…He wanted to learn how to design and carve rosettes. He wanted to design and carve rosettes with, as his classmate Lavinia had observed earlier, stunning energy and symmetry.  And maybe, if Chloe played her cards right, he’d carve something special just for her.

Ellen Mcdonald's candleplate

Vesterheim is open year-round, so you can visit anytime and tour the exhibits.  Click HERE if you’d like more information about the museum’s folk-art classes.

Why Vesterheim?

September 13, 2013

“Why is the new Chloe book set in Iowa?” The question came in an email. “Why is Chloe crossing the border? Why not explore other sites in Wisconsin?”

Heritage of Darkness 1

I have no intention of having Chloe leave her job at Old World Wisconsin. Roelke McKenna, suitor and local cop, will remain in the area as well.

But I do plan to get Chloe out and about from time to time. She can travel to other sites for professional and personal reasons, finding mystery and mayhem and historical echoes wherever she goes. Variety will help keep the series fresh. It also gives me the chance to showcase other sites that I find particularly appealing.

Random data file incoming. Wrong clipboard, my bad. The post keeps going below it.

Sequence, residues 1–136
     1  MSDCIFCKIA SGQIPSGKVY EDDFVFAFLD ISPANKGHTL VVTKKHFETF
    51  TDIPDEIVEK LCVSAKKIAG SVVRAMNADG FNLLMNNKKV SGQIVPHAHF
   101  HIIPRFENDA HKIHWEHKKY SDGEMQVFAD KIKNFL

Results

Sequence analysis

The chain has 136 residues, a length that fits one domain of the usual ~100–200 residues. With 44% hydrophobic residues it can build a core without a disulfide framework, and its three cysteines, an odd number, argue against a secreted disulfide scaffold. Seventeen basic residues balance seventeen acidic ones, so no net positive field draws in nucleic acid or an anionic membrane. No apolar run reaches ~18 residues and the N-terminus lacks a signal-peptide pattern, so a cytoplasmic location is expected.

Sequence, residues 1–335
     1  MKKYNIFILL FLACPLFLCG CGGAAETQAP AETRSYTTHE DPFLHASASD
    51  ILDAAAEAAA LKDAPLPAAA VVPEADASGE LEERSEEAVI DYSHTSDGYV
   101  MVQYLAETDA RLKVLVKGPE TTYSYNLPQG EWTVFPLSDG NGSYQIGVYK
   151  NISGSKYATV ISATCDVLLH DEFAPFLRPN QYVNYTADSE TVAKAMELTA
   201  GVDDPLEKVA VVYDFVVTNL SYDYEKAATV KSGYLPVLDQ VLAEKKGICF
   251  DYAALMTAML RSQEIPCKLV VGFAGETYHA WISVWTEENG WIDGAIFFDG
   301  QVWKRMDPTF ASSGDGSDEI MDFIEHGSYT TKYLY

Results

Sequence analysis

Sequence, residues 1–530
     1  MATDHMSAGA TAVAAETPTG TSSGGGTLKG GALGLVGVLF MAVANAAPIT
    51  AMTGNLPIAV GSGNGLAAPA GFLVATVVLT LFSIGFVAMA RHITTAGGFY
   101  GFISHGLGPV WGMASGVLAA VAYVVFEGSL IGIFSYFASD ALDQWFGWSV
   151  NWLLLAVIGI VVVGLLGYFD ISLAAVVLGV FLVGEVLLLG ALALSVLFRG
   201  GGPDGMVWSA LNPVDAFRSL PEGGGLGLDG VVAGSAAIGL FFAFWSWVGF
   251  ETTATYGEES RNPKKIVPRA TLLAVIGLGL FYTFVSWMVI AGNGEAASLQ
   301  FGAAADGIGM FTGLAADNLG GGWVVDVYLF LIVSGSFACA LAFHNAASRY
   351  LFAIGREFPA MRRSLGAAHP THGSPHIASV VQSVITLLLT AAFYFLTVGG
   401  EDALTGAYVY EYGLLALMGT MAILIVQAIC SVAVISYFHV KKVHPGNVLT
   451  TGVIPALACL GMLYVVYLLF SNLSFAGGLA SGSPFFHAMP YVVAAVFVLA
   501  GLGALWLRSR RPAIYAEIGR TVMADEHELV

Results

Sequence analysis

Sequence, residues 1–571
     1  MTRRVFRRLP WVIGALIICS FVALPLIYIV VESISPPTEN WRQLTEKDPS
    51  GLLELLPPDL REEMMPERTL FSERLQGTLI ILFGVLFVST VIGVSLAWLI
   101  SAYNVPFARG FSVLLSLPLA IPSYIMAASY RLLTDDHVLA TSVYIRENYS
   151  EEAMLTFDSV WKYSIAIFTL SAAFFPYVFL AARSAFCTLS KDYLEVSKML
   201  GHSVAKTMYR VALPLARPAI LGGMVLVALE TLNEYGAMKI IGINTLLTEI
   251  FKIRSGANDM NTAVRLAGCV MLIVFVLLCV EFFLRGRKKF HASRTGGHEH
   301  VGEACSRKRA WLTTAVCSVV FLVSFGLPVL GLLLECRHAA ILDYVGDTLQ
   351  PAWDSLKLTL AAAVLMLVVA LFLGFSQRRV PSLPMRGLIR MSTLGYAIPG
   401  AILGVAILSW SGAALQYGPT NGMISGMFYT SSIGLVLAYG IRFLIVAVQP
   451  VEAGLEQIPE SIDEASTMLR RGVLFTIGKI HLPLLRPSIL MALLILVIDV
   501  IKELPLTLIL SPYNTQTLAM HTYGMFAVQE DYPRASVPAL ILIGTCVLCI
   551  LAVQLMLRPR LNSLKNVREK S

That happens in Chloe #4, Heritage of Darkness. Chloe, Mom, and Roelke head to Vesterheim Norwegian-American Museum in Decorah, Iowa, for a week’s vacation. So. . .  why Vesterheim?

Vesterheim wikipedia

It’s a stellar museum. Vesterheim is the most comprehensive museum in the United States dedicated to a single immigrant group. The collection is phenomenal.

Vesterheim trunk

Local historians began collecting artifacts over a century ago. The Norwegian government—believing Norwegian-Americans should be able to learn about their heritage—also contributed original pieces to the museum.

Vesterheim

It is not, however, a museum only of interest to those with Scandinavian heritage.  Vesterheim’s mission is to “explore the diversity of American immigration through the lens of Norwegian-American experience.” I can attest to that. I have no Norwegian heritage, but I find that each visit helps me reflect upon what my own Swiss, Dutch, and Irish ancestors experienced.